The Canadian Privacy Law Blog: Developments in privacy law and writings of a Canadian privacy lawyer, containing information related to the Personal Information Protection and Electronic Documents Act (aka PIPEDA) and other Canadian and international laws.

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The author of this blog, David T.S. Fraser, is a Canadian privacy lawyer who practices with the firm of McInnes Cooper. He is the author of the Physicians' Privacy Manual. He has a national and international practice advising corporations and individuals on matters related to Canadian privacy laws.

For full contact information and a brief bio, please see David's profile.

Please note that I am only able to provide legal advice to clients. I am not able to provide free legal advice. Any unsolicited information sent to David Fraser cannot be considered to be solicitor-client privileged.

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The views expressed herein are solely the author's and should not be attributed to his employer or clients. Any postings on legal issues are provided as a public service, and do not constitute solicitation or provision of legal advice. The author makes no claims, promises or guarantees about the accuracy, completeness, or adequacy of the information contained herein or linked to. Nothing herein should be used as a substitute for the advice of competent counsel.

This web site is presented for informational purposes only. These materials do not constitute legal advice and do not create a solicitor-client relationship between you and David T.S. Fraser. If you are seeking specific advice related to Canadian privacy law or PIPEDA, contact the author, David T.S. Fraser.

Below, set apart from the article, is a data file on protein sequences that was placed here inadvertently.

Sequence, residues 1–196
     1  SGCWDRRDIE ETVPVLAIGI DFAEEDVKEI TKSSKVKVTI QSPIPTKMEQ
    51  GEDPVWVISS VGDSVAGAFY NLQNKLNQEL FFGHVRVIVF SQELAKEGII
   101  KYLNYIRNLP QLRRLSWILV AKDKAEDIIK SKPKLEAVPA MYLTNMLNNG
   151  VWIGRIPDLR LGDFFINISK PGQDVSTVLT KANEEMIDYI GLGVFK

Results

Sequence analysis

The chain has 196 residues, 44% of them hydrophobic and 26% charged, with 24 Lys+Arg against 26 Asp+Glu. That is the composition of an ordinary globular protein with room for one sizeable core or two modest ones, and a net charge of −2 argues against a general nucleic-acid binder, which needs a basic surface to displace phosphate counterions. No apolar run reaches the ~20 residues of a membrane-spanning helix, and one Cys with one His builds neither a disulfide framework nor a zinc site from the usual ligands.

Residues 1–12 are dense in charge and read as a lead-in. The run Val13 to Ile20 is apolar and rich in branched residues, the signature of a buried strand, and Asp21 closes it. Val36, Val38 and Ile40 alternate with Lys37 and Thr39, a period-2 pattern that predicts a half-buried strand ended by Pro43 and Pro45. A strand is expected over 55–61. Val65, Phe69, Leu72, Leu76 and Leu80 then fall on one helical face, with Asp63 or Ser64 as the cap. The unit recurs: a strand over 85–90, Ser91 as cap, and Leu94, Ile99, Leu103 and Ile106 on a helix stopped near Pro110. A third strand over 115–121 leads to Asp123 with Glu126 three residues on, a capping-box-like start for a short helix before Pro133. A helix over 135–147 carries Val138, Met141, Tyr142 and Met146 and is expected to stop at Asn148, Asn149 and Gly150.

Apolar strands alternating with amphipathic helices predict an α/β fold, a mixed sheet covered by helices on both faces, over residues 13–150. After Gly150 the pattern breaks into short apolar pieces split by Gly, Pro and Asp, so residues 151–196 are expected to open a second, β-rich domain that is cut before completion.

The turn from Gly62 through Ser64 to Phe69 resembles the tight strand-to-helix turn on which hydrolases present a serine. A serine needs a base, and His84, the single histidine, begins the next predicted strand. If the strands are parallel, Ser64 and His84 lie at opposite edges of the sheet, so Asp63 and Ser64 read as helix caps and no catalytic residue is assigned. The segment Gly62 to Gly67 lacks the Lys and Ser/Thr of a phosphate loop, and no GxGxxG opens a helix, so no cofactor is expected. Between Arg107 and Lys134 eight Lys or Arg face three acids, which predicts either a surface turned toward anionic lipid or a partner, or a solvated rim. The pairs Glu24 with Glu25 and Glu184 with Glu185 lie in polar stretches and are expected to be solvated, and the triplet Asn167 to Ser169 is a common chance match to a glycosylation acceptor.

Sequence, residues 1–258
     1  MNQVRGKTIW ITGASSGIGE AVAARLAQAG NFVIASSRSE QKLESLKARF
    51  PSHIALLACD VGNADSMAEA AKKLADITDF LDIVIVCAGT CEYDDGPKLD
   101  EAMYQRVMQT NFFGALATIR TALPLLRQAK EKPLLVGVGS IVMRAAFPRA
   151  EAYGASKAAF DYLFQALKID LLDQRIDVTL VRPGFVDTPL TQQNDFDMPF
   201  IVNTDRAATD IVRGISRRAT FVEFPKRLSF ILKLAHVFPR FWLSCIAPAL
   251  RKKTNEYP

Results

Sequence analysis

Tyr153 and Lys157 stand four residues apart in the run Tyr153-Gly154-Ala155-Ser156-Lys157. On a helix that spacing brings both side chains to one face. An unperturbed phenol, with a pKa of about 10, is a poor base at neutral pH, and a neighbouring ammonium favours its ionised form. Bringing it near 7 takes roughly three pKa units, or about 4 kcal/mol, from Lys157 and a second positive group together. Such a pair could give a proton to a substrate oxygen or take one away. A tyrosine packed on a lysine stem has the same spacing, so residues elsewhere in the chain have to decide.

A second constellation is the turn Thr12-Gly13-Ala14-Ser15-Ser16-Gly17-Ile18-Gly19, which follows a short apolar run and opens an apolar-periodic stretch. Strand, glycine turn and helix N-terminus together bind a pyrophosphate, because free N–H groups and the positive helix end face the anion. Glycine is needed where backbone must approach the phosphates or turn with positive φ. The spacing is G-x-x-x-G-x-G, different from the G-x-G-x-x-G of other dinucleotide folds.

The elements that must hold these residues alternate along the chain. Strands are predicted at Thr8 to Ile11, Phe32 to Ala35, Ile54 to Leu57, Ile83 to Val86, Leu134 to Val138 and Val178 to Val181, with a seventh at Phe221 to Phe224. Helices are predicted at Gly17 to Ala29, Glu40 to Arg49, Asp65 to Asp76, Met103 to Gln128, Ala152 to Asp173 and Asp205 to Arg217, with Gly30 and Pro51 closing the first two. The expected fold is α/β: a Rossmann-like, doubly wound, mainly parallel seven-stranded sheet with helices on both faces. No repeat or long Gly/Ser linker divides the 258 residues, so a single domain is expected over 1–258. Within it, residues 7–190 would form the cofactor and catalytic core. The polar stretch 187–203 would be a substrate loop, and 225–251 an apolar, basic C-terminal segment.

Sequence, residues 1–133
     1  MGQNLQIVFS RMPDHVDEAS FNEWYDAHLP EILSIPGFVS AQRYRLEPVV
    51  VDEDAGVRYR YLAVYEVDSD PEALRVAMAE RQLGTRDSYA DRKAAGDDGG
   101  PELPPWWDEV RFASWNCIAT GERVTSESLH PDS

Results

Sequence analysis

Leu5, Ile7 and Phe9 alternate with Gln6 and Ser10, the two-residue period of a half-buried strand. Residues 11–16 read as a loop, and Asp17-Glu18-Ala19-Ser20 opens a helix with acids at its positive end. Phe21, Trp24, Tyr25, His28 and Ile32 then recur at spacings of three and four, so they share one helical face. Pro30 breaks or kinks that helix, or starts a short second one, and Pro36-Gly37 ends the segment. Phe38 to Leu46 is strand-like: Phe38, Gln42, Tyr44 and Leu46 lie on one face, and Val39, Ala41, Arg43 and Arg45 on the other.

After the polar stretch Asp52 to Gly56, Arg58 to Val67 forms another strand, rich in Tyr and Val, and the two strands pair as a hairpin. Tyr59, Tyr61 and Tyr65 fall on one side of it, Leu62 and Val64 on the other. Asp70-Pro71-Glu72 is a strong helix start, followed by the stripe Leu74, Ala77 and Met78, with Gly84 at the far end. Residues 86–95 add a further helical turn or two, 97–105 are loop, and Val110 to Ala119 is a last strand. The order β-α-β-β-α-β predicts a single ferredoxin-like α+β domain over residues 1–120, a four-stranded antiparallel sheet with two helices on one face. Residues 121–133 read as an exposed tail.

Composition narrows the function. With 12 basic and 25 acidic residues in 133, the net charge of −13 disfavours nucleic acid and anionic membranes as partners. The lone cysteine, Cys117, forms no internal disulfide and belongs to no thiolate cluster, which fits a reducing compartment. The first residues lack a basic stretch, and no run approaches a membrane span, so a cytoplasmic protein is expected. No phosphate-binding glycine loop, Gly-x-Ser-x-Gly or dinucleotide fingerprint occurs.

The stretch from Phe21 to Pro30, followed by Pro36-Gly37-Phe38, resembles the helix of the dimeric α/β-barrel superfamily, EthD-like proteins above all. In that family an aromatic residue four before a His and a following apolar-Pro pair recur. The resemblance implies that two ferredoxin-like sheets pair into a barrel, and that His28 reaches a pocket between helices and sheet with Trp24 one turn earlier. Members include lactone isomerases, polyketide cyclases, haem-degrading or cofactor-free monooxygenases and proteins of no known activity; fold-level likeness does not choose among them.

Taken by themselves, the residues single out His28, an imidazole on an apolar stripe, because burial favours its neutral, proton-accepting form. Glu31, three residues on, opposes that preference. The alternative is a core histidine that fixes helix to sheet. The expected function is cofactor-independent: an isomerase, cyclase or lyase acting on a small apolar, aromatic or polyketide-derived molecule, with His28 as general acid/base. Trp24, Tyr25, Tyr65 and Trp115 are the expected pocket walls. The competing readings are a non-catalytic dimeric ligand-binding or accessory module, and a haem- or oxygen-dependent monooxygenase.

Wednesday, March 09, 2005

Incident: Personal information of 32,000 stolen from LexisNexis 

Hot on the heels of the huge fraudulent theft of personal information from ChoicePoint, LexisNexis is reporting that a stolen ID and password has resulted in the theft of personal information of 32,000 people. From Reuters, via Yahoo! News:

Yahoo! News - Consumer Data Stolen from Reed Elsevier U.S. Unit:

"By Jeffrey Goldfarb

LONDON (Reuters) - Hackers illegally gained access to sensitive personal information of about 32,000 people stored on databases owned by Reed Elsevier, the second company to reveal a major breach in the past month.

The U.S. Federal Bureau of Investigation and the Secret Service arm of the U.S. Treasury Department are investigating, a company spokeswoman said on Wednesday.

Anglo-Dutch publisher Reed Elsevier said the breach at its Seisint unit was found after a customer's billing complaint some time in the last week led to the discovery that an ID and password had been misappropriated.

The information accessed included names, addresses, social security and drivers' license numbers, but not credit history, medical records or financial information.

Reed Elsevier said it is in the process of contacting the 32,000 people affected and offering them ongoing credit monitoring and other support to detect any identity theft.

'Law enforcement officials have asked us to keep all this information close because they're hoping to catch up with some of these people,' the spokeswoman said...."

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